In order to remember the names of Rome’s seven hills, Victorian school children used to memorize a rather silly phrase--Can Queen Victoria eat cold apple pie?--where the first letter of each word stood for the name of each of the hills: Capitoline, Quirinal, Viminal, Esquiline, Caelian, Aventine and Palatine.
I would like to propose another mnemonic trick to get a more topographic sense of the Roman hills. Try this: put your right hand facing down on the table with your fingers pointing to the left. Then,
Your thumb will represent the southernmost hill, the Aventine.
The tip of your index will correspond to to the Palatine Hill.
And its knuckle to the Caelian Hill.
The tip of your middle finger to the Capitoline Hill,
And its knuckle to the Esquiline Hill;
Your ring finger will represent the Viminal hill,
And your pinkie the northernmost hill, the Quirinal.
(Yes, an accurate map would require a rather improbable contortion of your fingers, but if you let your hand rest with its natural curvature, you’ll get a close-enough picture.)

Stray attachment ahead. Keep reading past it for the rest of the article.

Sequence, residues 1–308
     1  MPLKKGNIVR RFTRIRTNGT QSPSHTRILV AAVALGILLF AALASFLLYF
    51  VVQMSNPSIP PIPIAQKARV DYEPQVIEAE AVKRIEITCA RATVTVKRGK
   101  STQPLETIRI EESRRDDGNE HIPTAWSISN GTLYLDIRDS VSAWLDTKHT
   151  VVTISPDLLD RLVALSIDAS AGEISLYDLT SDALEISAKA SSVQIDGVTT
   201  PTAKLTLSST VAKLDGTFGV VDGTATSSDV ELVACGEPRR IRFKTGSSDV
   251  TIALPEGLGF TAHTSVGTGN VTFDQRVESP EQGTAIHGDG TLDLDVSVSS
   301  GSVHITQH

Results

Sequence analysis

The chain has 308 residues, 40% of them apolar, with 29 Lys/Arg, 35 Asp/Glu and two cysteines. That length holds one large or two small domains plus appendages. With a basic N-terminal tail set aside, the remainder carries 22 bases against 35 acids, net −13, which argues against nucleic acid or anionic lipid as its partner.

Now, with a little bit of imagination you can continue to draw the map of Rome on top of your hand. Trace a line around first knuckles and the tips of your fingers and you’ll have a pretty good depiction of the Servian Wall, roughly the extent of the city at the beginning of the Roman Republic (4th century BC.) You can locate the Forum between your middle (Capitoline Hill) and index (Palatine and Esquiline hills) fingers. Or the Circus Maximus between your index (again, the Palatine) and your thumb (Aventine Hill.)
And you could keep going, locating the Campo Marzio--with the Pantheon, the Stadium of Domitian (eventually Piazza Navonna,) etc.--to the left (west) of your finger tips...